In Focus

Senior Expert, Programs


Money alone cannot compensate sexual violence committed on a massive scale, particularly when such crimes are accompanied by other forms of violations affecting entire communities. ICTJ's Cristián Correa examines how rehabilitation, education, and acknowledgement can bring victims closer to full restitution for their suffering.

Head of Office, Nepal


For decades, successive Myanmar political and military leaders, including Aung San Suu Kyi’s, have flatly denied what millions of their citizens know: that the military has committed and continues to commit human rights violations. A new UN inquiry into those crimes is provides a moment of truth for Suu Kyi's commitment to justice, writes ICTJ's Aileen Thomson.


In today’s United States, civic trust that has been systematically eroded among many communities of color. There is little basis, either historically or in the current political atmosphere, for African Americans and other minorities to have this essential trust in government institutions, particularly in the police. To build that relationship, there must first be a reckoning, writes ICTJ President David Tolbert.


To mark 15 years of ICTJ, we asked staff past and present for the memories that stand out from their work. Former ICTJ consultant and Executive Director of the Truth and Reconciliation Commission in Greensboro, North Carolina Jill Williams reflects on her efforts to bridge a cultural gap in the pursuit of shared values.


A new ICTJ report argues that in Africa's interconnected Great Lakes region, each country’s attempt to provide justice for past violations offers lessons for similar processes in others. We gathered civil society activists from across the region to discuss which strategies have worked for them, which have not, and opened up about the greatest challenges they face in securing justice.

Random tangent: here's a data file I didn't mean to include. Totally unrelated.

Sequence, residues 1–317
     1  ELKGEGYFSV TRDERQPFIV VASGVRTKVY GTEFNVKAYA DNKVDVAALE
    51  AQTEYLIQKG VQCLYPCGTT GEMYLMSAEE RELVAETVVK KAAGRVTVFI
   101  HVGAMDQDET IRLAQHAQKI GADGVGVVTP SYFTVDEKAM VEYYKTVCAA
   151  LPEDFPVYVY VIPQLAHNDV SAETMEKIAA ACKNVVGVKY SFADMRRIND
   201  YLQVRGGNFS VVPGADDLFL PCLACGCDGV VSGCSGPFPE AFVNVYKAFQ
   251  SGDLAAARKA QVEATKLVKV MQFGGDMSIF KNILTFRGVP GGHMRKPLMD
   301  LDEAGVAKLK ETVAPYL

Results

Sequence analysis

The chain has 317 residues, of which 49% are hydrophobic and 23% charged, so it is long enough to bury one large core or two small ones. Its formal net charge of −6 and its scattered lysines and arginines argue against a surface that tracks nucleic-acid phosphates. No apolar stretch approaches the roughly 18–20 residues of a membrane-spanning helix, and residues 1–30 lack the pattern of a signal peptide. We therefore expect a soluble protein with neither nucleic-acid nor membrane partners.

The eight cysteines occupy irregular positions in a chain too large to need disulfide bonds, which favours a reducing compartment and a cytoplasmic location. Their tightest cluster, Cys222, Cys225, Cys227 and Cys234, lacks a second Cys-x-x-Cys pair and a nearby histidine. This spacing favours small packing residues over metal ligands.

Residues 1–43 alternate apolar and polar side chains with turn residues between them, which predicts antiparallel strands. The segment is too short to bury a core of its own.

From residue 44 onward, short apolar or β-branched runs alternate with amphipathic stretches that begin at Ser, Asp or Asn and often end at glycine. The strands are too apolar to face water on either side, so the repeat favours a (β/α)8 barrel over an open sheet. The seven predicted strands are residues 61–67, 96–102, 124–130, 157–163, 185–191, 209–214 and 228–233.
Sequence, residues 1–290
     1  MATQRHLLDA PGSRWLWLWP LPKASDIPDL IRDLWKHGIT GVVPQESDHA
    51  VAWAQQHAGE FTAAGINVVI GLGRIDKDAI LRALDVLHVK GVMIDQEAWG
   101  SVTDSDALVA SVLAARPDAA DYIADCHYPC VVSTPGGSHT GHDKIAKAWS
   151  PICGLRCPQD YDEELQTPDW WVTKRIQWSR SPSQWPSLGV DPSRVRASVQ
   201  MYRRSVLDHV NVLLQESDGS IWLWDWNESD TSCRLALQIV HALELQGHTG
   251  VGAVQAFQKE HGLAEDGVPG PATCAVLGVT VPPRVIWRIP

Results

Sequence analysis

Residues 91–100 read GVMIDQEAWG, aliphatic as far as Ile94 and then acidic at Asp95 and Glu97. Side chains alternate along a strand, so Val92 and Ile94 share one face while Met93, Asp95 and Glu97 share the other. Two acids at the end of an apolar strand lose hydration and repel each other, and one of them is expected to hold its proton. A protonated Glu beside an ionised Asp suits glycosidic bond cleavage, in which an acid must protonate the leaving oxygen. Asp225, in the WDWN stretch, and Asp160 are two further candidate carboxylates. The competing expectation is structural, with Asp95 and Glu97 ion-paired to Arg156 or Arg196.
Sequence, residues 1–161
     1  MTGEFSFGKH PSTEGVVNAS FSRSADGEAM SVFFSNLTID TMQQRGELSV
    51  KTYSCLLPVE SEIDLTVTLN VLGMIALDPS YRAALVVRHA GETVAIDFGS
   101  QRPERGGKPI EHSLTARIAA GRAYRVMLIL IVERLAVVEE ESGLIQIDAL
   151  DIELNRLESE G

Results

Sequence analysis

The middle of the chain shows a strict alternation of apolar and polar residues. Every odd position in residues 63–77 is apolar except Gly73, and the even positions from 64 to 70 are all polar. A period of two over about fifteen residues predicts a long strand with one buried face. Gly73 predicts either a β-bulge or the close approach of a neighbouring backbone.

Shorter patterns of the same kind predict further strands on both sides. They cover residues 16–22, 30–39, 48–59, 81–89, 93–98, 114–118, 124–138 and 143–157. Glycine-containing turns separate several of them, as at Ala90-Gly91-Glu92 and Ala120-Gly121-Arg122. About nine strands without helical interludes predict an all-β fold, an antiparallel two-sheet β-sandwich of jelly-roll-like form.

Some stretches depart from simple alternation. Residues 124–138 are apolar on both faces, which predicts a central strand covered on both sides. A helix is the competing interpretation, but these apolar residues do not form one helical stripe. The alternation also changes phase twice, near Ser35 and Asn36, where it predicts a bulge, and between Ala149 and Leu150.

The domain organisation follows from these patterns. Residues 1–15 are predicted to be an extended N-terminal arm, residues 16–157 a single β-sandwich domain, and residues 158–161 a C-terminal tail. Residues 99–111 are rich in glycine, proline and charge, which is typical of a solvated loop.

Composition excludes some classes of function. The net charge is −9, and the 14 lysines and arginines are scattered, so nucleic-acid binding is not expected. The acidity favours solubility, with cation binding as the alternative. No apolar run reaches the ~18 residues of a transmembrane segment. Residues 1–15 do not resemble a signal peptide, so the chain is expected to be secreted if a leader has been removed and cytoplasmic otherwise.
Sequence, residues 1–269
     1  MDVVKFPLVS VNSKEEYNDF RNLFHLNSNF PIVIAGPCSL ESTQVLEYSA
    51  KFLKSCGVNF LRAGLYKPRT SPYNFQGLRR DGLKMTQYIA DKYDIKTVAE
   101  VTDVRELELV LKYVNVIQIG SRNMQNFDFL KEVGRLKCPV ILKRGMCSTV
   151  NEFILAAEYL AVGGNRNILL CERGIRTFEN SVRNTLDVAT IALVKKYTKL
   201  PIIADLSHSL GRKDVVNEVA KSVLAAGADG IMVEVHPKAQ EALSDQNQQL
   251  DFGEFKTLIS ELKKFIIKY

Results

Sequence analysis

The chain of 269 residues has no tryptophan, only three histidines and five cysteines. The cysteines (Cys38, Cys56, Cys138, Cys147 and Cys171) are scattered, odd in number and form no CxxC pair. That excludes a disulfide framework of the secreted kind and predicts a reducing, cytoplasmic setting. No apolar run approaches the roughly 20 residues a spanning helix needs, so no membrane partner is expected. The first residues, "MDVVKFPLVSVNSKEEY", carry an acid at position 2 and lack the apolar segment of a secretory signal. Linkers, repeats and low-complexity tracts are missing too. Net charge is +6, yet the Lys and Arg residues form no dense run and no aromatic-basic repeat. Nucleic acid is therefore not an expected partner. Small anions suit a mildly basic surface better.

The taboo around sexual violence against men and boys can leave victims in the shadows, write ICTJ's Kelli Muddell and Sibley Hawkins. Without acknowledgment of these crimes, efforts to address injustices of the past will be hard-pressed to develop inclusive and effective responses.


On the International Day for the Right to Truth we spotlight one of the most powerful ways truth commissions can reassert victims' dignity: public hearings. These open events can have a potentially cathartic power for victims and their families, but also the public at large by generating solidarity and empathy for the suffering of others in societies deeply polarized and traumatized by atrocities and denial.


In Tunisia, public hearings have fundamentally changed public dialogue about the past. The Truth and Dignity Commission will hold special session scheduled to coincide with the International Day for the Right to the Truth on March 24th. Watch live here:


In Tunisia, the Truth and Dignity Commission's public hearings have fundamentally altered the dialogue around the past in Tunisia. To mark the International Day for the Right to Truth ICTJ Director of Communications Refik Hodzic sat down with two women whose work has been critical to the success of the commission – ICTJ Salwa El Gantri and TDC Commissioner Ibtihel Abdellatif – to discuss what they have taken away from public hearings so far.

Head of Office, Kenya


The right to the truth carries special resonance in Kenya, and so on March 24th Kenyan state agencies, survivors, civil society organizations, and international partners will join together in Nairobi to observe the International Day for the Right to the Truth. It provides an opportunity not just for remembrance, but also for greater dialogue between the government and victims about the implementation of reparations programs and of the findings presented in the Truth, Justice and Reconciliation Commission's final report.